Another point worth mentioning for electronic reading is that there’s much more access to independent authors via eBooks – a lot of people self publish eBooks, and publishers often start publishing independent authors on eBook before physical copies. If you want to read more independent titles I would say that the Kindle Store has a much larger, more varied selection of independent writers than most physical book shops.

Audiobooks

Audio books have never really been something I’ve gotten into. My family like them, including my brother and dad, who don’t enjoy reading. Personally I’d rather read, as I find that I can’t fully put all my attention into audio books. I also find that the person reading them definitely affects my ability to engage with the story. I listened to the original dramatised radio show of Hitchhiker’s Guide to the Galaxy, and while I loved that and still listen to Welcome To Night Vale, a serialised story told through podcasts, overall I prefer to read stories rather than listen to them. Despite not being my read or just want something other than music to listen to while travelling or nodding off to sleep, I’d definitely say that audio books could be for you. Audio books also make books much more accessible to those with visual impairments.

So there’s my view on it. I don’t really see the need to be so purist about one medium over another – they all have good and bad points, and I feel like judging someone’s personal preferences breeds an attitude that just puts people off reading. We should aim to encourage literacy and reading, not judge people if they’d rather read on their phone than get a physical book! I don’t believe that physical books are threatened by the electronic publishing industry, and I don’t believe that eReaders can ever fully replace the feel of a physical book. For me the most important thing in reading is that the story is good; whatever format it’s in.

What’s your favourite method of reading? Have I forgotten anything?

See you soon,

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Review Wednesday | Book Review – Heartborn (ARC Review)

Her guardian angel was pushed.

Keiron was never meant to be anything other than a hero. Born high above in a place of war and deception, he is Heartborn, a being of purity and goodness in a place where violence and deceit are just around every corner.

His disappearance will spark a war he cannot see, for Keiron has pierced the light of days to save a girl he has never met, for reasons he cannot understand. Livvy Foster is seventeen, brave, and broken. With half a heart, she bears the scars of a lifetime of pain and little hope of survival.

Until Keiron arrives.

Continue reading Review Wednesday | Book Review – Heartborn (ARC Review)

Fandom Friday | How Girls Grow Up In Fiction: George Eliot to Winona Ryder

Portrayals of girls in the media can be…interesting. Particularly when those girls are growing up. These plotlines are widely explored and range from weird to downright oppressive. Here are some of my favourite/least favourite examples:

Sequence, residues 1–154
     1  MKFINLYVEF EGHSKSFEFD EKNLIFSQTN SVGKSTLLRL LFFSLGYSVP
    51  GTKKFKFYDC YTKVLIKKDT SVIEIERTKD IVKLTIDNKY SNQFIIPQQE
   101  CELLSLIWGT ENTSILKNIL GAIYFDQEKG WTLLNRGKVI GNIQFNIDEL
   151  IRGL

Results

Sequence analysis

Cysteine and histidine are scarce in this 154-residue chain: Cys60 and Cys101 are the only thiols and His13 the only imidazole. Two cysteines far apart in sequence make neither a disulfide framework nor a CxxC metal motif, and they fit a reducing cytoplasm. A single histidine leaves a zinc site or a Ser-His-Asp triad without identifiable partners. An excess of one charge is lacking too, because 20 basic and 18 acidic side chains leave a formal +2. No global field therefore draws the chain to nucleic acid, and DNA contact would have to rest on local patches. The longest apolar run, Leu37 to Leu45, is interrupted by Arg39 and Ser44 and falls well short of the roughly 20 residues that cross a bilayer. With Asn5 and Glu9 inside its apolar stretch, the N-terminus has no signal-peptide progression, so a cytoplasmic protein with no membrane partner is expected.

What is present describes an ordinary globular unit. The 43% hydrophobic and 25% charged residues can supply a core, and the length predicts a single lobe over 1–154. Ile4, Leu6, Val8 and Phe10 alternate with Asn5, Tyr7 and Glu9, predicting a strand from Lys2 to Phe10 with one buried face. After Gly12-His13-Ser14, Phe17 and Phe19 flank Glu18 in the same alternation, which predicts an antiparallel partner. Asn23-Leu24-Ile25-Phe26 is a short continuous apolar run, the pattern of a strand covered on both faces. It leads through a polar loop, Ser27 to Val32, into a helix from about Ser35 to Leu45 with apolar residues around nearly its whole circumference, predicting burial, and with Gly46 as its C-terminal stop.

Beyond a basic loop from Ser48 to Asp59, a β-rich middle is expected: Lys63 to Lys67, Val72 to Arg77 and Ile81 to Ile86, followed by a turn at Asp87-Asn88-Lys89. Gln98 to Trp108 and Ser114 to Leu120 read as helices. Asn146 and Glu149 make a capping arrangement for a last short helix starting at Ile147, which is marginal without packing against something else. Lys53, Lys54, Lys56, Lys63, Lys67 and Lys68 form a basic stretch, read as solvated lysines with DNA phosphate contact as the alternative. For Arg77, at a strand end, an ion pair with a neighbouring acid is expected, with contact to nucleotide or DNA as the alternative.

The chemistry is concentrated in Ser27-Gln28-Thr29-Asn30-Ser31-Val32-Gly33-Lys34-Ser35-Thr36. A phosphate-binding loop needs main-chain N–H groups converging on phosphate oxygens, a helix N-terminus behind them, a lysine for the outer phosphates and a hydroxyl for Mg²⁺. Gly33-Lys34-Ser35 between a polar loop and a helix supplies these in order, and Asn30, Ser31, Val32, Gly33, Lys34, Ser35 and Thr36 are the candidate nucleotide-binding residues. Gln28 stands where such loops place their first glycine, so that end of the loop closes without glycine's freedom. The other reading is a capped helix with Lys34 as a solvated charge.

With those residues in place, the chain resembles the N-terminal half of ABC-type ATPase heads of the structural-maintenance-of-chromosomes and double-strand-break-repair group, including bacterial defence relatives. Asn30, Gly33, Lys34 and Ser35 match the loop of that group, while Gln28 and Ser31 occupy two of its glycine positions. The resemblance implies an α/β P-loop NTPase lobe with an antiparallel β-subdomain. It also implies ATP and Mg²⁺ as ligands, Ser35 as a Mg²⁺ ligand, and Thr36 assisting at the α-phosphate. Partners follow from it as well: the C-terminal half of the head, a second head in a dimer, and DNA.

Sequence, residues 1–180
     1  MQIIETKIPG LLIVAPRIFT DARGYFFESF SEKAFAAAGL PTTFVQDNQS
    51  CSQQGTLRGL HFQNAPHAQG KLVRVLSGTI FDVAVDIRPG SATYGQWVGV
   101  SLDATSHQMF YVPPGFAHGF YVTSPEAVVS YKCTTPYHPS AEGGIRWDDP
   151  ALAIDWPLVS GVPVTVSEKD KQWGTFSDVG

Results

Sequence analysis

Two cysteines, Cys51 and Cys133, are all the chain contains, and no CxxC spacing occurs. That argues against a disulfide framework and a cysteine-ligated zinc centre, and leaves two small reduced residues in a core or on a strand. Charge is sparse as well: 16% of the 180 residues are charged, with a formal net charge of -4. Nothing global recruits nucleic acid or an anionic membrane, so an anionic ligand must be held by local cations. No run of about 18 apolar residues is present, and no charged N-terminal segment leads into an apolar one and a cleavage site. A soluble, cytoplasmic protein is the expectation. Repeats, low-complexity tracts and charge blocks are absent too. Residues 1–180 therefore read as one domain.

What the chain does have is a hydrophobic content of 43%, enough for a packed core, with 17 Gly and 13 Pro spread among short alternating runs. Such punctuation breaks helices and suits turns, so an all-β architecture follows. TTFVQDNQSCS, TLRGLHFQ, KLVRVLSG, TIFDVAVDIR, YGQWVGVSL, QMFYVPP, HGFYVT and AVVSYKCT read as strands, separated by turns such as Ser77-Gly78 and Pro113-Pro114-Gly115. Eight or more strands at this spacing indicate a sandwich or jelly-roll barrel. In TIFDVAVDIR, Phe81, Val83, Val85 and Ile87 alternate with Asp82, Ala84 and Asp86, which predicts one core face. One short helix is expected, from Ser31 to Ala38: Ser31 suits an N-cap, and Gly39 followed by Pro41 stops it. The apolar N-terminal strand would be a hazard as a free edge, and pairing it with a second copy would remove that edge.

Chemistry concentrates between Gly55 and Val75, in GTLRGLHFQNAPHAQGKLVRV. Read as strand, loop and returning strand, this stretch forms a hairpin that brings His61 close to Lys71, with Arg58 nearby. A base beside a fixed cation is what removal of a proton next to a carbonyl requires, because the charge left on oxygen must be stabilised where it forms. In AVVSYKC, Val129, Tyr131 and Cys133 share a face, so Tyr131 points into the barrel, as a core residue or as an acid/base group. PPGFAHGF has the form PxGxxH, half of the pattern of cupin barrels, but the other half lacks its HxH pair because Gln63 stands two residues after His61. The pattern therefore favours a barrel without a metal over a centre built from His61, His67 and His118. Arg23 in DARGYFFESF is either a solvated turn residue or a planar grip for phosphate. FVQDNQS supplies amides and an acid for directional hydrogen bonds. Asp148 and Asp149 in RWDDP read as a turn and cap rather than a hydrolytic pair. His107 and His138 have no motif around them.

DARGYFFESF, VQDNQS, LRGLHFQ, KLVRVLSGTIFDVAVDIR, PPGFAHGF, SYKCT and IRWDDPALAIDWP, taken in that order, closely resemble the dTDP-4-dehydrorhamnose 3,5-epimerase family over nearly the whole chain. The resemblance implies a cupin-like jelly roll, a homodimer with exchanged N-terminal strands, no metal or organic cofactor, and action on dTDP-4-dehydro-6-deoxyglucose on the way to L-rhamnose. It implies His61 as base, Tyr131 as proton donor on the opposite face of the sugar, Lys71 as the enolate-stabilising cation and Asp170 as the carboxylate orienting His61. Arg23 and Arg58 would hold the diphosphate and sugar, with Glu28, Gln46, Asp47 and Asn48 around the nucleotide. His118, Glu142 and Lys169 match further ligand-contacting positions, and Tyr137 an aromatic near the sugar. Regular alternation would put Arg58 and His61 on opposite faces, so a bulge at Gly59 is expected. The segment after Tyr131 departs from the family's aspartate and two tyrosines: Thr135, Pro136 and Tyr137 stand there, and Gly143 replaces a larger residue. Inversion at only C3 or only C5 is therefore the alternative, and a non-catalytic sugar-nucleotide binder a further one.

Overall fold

Continue reading Fandom Friday | How Girls Grow Up In Fiction: George Eliot to Winona Ryder

Fandom Friday – HELP, I’M STUCK IN A BOOK! (and not in the fun way!)

So if you follow me on Twitter, you’ve probably seen me complain about struggling to get through Dune by Frank Herbert. I’ve described the book as ‘Space Game of Thrones’ to several people, and incidentally I had the same problem while trying to tackle the A Song of Ice and Fire series.

Dune

 

It’s not that I’m not enjoying the book – the premise is interesting and it’s very well written, but it’s so long and so heavy. I could quite happily read a 1000 page novel, but the pacing has to be right. For me, a large amount of action for long periods of time just doesn’t work; I need breaks, slower moments. I’m about 320 pages in, and this enough for me – I can only handle so much of the heavily detailed, jam-packed writing Herbert uses.

So what do I do? I don’t like putting down books and reading others, as I find that I give up on the first one too easily (just ask A Storm of Swords, it’s been left half finished on my Kindle for at least a year), but I’m not reading because if I do I’m getting nowhere. Maybe in the future I should have a page limit on books I intend to review. I read the last three books I’ve reviewed (The House I Loved, The Book of Other People and Junk) in about two weeks, so I thought I’d tackle a longer book – and one that I’ve been meaning to read since I got it 3 years ago.

Have you ever been in this situation? How do you tackle it – do you plough through or take a break; or give up entirely?

See you soon,

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Last Post: Review Wednesday – Junk

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600 PAGES, MAN. 600.

Review Wednesday – Book Review: Junk

 

 

Tar loves Gemma, but Gemma doesn’t want to be tied down – not to anyone or anything. Gemma wants to fly. But no one can fly forever. One day, somehow, finally, you have to come down.

I picked this book up absolutely clueless as to what it was – it sounded familiar, but I had no idea just how significant it is. Melvin Burgess’ Junk was the first YA novel of its kind, and certainly unlike any other YA novel I’ve ever read.

Junk celebrated its 20th anniversary this year, and as such Melvin Burgess was awarded the Andersen Press Young Adult Book Prize Special Achievement Award. Andersen Press are also releasing a 20th anniversary edition of the novel. So what makes it so special?

Continue reading Review Wednesday – Book Review: Junk